September 23rd, 2013
Following the pilot performance of ‘Under Us All’ in Gateshead in May – at which we enjoyed an unexpectedly large turnout and a great deal of positive and constructive feedback – I was made up to hear that we’d been awarded funding from a number of organisations to mount four further performances. Gordon and I are only two days into re-rehearsals, and already it’s been a pleasure and a privilege to reacquaint ourselves with the piece, get back under the skin of the characters and deepen our understanding of the world of the play.
This is the first time I have been involved with remounting a production, and in planning the rehearsals I felt there was a balance to be struck between re-covering the ground we had mapped for ourselves during April’s rehearsals and examining new areas and employing new techniques and approaches to keep ourselves and the piece fresh.
Whilst our previous work, which drew heavily on the influences of Rudolf von Laban and Katie Mitchell – a movement-based theatre practitioner and a disciple of Stanislavski respectively – certainly hasn’t been forgotten or abandoned, it has been illuminating and exciting to consider other avenues of enquiry. Most notably, we’ve been (and will continue to be) considering how the acting methods of Michael Chekhov, nephew of the playwright Anton, can open new doors for us, particularly in relation to developing character, nurturing spontaneity in performance, nourishing the inner lives of the characters and generating atmosphere in the scenes. We have also been making friends with Michael Chekhov’s ‘four brothers’ – the feeling of ease, the feeling of beauty, the feeling of form and the feeling of the whole – and we look forward to getting to know them even better as the rehearsal process continues.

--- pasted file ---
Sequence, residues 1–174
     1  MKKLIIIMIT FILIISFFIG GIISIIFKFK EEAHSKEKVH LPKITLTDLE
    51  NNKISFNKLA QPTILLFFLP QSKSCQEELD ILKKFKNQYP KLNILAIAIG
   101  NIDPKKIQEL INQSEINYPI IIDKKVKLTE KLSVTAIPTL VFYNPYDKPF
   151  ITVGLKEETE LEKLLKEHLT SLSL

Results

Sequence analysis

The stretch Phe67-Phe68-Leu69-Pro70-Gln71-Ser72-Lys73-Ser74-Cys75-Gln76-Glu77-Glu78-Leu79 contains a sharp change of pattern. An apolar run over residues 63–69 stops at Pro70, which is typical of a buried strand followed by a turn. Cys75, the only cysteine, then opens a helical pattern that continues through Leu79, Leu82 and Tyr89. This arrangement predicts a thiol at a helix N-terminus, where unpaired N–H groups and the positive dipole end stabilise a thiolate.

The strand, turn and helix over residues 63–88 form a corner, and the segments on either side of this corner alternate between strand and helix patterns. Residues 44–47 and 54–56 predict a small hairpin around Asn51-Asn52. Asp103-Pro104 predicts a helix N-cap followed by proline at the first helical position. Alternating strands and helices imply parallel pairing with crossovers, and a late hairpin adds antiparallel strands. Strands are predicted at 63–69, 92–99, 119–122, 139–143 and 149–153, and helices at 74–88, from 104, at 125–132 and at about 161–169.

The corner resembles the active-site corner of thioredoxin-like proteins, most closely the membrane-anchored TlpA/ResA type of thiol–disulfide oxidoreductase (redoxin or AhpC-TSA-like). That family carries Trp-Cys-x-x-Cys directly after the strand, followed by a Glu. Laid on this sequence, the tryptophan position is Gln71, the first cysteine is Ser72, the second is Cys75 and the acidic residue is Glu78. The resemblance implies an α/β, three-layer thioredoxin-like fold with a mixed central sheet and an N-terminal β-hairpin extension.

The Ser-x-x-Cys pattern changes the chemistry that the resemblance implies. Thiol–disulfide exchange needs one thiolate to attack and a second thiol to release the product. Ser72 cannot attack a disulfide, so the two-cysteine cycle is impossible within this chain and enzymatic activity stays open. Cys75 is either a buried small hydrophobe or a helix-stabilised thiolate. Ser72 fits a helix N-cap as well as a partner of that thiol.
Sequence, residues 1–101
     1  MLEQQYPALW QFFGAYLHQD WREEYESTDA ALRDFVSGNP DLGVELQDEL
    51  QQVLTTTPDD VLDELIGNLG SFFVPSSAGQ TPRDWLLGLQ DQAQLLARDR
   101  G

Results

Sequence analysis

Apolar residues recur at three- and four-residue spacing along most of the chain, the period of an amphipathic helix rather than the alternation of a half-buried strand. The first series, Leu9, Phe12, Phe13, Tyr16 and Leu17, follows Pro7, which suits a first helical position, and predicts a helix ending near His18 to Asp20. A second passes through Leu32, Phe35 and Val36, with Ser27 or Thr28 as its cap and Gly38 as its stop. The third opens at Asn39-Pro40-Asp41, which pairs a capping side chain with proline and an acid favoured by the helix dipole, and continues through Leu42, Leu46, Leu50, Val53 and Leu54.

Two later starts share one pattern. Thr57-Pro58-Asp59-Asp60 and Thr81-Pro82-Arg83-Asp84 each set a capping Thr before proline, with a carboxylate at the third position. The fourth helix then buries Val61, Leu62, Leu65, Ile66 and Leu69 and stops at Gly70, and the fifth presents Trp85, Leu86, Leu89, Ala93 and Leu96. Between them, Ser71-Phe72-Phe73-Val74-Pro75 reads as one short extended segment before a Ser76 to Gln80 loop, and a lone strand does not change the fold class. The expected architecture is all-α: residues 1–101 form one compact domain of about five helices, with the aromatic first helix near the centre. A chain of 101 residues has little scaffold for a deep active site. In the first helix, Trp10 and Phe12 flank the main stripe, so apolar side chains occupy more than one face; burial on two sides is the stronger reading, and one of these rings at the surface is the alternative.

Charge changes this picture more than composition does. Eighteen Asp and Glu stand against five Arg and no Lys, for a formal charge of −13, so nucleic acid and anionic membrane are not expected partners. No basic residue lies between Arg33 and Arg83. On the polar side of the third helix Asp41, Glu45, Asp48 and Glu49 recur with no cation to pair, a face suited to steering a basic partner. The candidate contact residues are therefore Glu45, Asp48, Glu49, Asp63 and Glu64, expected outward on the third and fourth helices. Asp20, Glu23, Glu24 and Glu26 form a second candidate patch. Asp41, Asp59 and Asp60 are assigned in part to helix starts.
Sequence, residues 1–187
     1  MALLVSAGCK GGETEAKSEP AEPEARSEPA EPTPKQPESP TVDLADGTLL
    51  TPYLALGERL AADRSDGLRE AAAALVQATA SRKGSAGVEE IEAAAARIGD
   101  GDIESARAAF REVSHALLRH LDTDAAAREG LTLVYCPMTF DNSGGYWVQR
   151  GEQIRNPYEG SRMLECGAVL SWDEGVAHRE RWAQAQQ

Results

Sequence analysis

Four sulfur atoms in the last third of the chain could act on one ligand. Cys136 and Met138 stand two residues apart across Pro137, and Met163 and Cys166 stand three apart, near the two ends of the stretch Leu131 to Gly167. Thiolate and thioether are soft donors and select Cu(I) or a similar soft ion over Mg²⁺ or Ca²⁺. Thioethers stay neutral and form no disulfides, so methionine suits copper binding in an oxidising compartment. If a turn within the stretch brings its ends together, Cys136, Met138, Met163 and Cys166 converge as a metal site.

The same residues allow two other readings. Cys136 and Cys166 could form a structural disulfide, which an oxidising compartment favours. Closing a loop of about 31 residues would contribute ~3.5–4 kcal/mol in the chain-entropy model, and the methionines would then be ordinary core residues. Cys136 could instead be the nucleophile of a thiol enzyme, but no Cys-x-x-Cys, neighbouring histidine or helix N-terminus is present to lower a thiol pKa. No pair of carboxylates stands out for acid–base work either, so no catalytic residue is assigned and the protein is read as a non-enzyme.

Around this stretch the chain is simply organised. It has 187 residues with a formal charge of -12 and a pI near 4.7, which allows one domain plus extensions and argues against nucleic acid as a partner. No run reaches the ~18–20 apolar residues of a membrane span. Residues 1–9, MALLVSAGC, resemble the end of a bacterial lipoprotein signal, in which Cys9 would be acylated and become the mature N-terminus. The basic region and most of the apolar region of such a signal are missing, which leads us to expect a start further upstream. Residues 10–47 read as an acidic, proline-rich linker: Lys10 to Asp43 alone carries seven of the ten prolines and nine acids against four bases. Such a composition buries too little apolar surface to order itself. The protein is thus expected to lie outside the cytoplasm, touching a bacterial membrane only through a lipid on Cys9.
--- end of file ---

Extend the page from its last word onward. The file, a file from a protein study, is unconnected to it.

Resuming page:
Finally, it’s been exciting to start working with Katy on a new sound design for ‘Under Us All’, which we hope will reinforce the work which Gordon and I are doing in rehearsals. Bringing these elements together over the next two weeks will hopefully be a rewarding and exciting process. Having received public funding from both the Arts Council England and taking place as part of the ESRC Festival of Social Science 2013, we have a clear responsibility to ensure the piece is realised as fully and richly as possible. These two weeks will be spent in pursuit of that goal….